We came back to the house, the girls left, and my tears came back. Dang, I thought I was doing better.

I love you [sic]. I miss you [sic].
Never goodbye.
Until we see each other again. RTR

This is real life. This is what grief looks like. This is what pain looks like. And this is a reminder that pastors are people, too. In recovery we are all the same because we are all human.

It doesn’t matter whether we work low-wage, low-skilled jobs 80 hours a week or serve as senior executives in Fortune 500 companies. Addiction is indiscriminate. Grief is indiscriminate.

We are all susceptible to the full spectrum of human emotion because what we share at the most basic level is that we are all human. We all matter. We are all of sacred worth.

Every life lost is a life that matters. We all matter to someone, and we all matter to God.

And I am confident that the one thing my friend Jason hasn’t lost is his faith.

Even in his darkest hour, he was able to say things like:

I know God is at work and that God will continue to work in powerful ways.

I know this will be difficult to avoid, but I pray that no parent has to write their own child’s obituary. That no parent has to sign that paperwork. That no parent has to meet with me in the future to plan a celebration of a life short lived.
But, if it does happen I will be able to say, I understand. And I will be able to say that God is at work and that God will continue to work in powerful ways.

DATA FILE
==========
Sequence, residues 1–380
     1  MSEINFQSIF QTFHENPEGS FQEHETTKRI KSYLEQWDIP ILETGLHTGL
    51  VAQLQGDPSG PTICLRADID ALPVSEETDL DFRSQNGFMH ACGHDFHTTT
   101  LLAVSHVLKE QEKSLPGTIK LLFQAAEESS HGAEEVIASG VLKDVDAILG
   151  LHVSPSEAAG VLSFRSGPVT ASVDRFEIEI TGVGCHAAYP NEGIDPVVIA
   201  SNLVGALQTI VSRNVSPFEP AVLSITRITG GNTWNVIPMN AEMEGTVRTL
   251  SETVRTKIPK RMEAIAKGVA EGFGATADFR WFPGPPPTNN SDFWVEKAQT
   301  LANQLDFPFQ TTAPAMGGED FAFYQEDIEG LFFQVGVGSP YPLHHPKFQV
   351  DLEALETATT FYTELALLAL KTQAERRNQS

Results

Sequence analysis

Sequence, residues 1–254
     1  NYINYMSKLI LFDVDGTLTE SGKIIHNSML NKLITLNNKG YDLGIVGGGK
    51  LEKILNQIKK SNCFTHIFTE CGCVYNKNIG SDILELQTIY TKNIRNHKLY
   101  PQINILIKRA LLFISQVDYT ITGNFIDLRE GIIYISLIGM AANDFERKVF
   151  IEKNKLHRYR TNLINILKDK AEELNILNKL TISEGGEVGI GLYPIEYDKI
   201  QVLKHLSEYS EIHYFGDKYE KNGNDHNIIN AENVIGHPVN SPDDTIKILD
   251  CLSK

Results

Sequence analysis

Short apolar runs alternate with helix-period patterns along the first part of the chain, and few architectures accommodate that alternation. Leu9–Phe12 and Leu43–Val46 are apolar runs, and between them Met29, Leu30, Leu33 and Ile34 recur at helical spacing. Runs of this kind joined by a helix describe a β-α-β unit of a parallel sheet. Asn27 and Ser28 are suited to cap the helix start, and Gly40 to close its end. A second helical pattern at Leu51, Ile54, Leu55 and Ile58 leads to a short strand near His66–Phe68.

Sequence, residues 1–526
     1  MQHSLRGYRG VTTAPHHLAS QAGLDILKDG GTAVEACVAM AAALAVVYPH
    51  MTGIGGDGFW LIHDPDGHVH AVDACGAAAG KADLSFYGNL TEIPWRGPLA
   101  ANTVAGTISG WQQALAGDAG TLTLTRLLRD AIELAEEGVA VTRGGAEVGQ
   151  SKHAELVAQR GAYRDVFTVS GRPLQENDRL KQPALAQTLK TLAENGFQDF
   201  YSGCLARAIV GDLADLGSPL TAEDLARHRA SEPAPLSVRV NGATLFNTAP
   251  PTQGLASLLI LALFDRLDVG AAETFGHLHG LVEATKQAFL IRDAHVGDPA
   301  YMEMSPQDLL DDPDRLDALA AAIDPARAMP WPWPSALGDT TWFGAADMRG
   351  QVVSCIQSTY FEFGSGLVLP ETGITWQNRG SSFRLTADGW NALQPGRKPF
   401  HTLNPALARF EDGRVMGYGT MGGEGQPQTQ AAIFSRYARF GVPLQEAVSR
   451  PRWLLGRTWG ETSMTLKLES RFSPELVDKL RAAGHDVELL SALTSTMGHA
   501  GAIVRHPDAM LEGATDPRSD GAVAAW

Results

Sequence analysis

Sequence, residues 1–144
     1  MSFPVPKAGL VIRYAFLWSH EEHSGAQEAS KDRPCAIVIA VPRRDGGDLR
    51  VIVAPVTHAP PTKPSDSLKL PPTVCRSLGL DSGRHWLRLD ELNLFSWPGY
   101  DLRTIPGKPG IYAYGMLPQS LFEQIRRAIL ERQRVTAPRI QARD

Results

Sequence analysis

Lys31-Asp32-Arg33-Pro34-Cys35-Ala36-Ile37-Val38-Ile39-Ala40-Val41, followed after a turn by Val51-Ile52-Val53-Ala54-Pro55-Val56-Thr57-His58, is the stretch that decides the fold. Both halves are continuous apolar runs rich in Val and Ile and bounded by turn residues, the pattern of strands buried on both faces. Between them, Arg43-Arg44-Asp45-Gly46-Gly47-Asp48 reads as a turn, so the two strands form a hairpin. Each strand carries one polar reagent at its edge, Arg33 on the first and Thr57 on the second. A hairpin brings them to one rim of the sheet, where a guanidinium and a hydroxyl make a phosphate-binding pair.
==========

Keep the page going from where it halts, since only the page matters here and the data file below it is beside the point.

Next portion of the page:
Their is pain, anger, disbelief, and a whole host of emotions none of us ever want to have to deal with. But we deal. We may never get over it. But we deal. We learn what it means to live with a new normal. We don’t like it, and we don’t have to. We just do because that’s the next right thing.

And we can do it because there are people who have been there before. There are people who know what it’s like. We’re not in this alone. We’re not meant to be. We don’t have to be.

Thank you, friend, for allowing me to share your agony with others.

Helplessness is next to Godliness

They say that cleanliness is next to godliness
Keeping a clean and ordered lifestyle
Grants a break from the chaos of life
The more ordered our life, the closer we are to God

They are wrong

God does not need our order
God does not need us to be clean or pure
God will take us as we are
God loves us as we are
God meets us as we are

And when we find ourselves in the pit of despair
When we hit rock bottom
When we discover that rock bottom wasn’t even close to as low as low can go

What do we do?
We cry out to God
Those who don’t believe in God
Those who don’t know God
Those who’ve fervently denied an existence of God
Cry out to God in their deepest, darkest hour

The same is true of a newborn child
A child can’t do anything on its own
But sleep and cry
So that’s what it does when it needs something
Cry out to something bigger than it
Cry out to something greater than it
Cry out to something that loves it unconditionally
Cry out to something that will take care of it
Cry out to something that will give it what it needs

It is not cleanliness that’s next to godliness
It’s helplessness

Helplessness is next to Godliness



– Alex Walker